Co-codamol is a stronger painkiller and is used in cases where medications such as ibuprofen, aspirin or paracetamol alone are not effective at treating your pain. Because co-codamol already contains paracetamol, it’s important to not take any additional paracetamol along with it, as it may lead to an overdose.
Co-codamol can be addictive and taking more than the prescribed dose can be harmful, therefore, only consume the prescribed amount. Always follow the instructions given by your GP or pharmacist and do not self-medicate.
In this blog, we discuss whether co-codamol is suitable to be taken during pregnancy and breastfeeding.
Co-codamol is not recommended to take during pregnancy, as codeine may cause potential issues to the unborn baby.
It’s also not recommended to take co-codamol while breastfeeding, as the codeine in co-codamol can get into the breast milk and could cause breathing problems in your baby.
If you have any questions about taking co-codamol during your pregnancy, please get in touch with our Pharmacy team. Our friendly Pharmacists are here to provide free, professional advice for everyone.
What problems can co-codamol cause during pregnancy?
Some research studies have provided evidence that taking codeine during the third trimester of pregnancy may increase the risk of birth defects.
Another study reported that taking codeine at any point during a pregnancy was associated with planned Cesarean delivery, while taking codeine during the third trimester was associated with emergency Cesarean delivery, and heavy bleeding after birth.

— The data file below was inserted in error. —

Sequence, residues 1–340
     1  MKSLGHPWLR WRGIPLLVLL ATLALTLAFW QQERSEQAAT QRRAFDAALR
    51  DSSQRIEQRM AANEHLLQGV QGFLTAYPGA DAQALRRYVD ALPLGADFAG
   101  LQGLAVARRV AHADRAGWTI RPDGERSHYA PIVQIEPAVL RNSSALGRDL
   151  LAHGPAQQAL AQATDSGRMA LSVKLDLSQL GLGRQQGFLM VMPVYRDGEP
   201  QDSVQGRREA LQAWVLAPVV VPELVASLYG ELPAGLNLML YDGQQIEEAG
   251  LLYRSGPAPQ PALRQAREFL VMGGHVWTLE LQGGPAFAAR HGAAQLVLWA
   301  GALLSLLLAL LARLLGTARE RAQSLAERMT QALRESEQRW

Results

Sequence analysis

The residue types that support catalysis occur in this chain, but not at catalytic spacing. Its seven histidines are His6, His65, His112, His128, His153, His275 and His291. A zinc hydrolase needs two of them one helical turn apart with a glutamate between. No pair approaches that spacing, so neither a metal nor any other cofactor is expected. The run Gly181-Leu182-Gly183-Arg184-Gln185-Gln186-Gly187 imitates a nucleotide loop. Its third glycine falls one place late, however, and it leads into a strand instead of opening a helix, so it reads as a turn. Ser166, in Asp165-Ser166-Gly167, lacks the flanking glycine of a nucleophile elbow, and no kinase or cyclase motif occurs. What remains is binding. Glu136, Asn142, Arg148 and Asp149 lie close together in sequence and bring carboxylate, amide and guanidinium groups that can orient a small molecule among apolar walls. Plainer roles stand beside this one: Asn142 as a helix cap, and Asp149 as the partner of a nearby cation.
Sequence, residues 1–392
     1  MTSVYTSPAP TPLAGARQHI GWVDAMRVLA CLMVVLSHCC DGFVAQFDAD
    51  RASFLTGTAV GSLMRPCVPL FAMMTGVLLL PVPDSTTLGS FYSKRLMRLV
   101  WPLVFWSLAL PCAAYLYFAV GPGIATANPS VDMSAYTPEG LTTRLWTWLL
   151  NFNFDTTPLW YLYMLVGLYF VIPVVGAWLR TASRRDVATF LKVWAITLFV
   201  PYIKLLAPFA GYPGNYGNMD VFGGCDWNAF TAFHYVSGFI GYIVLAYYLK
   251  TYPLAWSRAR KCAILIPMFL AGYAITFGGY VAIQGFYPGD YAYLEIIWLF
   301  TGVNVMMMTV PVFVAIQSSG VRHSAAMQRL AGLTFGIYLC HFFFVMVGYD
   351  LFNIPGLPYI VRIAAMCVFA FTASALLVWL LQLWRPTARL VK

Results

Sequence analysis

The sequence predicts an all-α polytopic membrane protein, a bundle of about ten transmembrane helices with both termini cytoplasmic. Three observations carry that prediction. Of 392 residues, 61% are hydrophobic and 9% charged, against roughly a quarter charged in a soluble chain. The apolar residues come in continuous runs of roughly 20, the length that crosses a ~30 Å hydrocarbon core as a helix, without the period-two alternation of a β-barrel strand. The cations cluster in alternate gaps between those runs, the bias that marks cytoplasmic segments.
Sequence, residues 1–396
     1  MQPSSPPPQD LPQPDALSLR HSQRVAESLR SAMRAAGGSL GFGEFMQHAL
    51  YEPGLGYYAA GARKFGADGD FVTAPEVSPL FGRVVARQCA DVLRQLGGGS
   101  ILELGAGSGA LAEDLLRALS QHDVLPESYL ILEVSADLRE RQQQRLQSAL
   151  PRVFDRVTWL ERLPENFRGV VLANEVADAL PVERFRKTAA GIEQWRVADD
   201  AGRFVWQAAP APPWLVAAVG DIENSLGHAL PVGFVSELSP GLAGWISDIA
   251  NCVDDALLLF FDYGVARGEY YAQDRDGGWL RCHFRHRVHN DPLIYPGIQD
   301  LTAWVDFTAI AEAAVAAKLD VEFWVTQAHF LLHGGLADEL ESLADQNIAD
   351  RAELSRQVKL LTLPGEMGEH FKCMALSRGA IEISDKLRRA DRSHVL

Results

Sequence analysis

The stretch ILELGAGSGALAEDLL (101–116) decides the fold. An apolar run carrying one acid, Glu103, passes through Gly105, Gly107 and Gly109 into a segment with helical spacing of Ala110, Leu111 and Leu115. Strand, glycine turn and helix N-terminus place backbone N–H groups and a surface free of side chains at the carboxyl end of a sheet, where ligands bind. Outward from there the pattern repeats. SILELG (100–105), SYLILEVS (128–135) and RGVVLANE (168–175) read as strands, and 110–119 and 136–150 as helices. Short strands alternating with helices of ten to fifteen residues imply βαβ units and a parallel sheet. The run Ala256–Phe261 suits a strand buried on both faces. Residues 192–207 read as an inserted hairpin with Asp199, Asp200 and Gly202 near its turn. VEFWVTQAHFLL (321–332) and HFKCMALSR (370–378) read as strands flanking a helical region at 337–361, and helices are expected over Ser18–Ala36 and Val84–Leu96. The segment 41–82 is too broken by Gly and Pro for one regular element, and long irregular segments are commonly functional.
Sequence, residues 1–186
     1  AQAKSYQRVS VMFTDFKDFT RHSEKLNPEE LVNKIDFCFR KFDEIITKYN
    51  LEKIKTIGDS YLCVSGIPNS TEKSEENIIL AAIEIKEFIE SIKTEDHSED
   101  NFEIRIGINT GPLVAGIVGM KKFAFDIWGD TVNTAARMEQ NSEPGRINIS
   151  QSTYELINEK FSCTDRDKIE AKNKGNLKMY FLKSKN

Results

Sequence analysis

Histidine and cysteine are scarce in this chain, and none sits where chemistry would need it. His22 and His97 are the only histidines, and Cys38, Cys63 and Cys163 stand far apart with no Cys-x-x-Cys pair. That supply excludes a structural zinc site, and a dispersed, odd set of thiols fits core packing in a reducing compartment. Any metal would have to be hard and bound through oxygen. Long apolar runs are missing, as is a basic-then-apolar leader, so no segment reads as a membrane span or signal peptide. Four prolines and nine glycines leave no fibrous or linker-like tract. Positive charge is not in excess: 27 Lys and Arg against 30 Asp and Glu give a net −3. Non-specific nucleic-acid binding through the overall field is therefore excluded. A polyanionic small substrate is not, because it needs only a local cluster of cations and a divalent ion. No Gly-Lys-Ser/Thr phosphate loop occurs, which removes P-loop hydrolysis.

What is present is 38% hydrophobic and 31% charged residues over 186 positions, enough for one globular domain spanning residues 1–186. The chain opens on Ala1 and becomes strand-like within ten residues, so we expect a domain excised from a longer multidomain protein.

While these results have not been definitively established (other studies have failed to replicate these results), the precautionary medical recommendation is to avoid taking co-codamol or codeine during pregnancy while research continues.
What is known with more certainty is that taking codeine shortly before delivery can temporarily affect the baby’s breathing, which can require close monitoring. Moreover, taking codeine for a longer period of time near to the end of the pregnancy may cause withdrawal symptoms in the baby after birth. This is known as neonatal withdrawal.
In some special cases, codeine and co-codamol may be appropriate to take during your pregnancy. We recommend that you always speak to your GP before taking any medication during your pregnancy.
In a previous blog, we discussed how taking ibuprofen and aspirin during pregnancy is also not recommended. The evidence linking ibuprofen and aspirin to birth defects, risk of miscarriage and other problems is stronger than in the case of co-codamol and codeine.
Paracetamol remains the safest choice of painkiller to take during a pregnancy. While paracetamol is generally regarded as safe to take, it’s recommended that you take the lowest dosage possible, for the shortest time possible.
For more information, please refer to the official NHS Medicines in Pregnancy guide.
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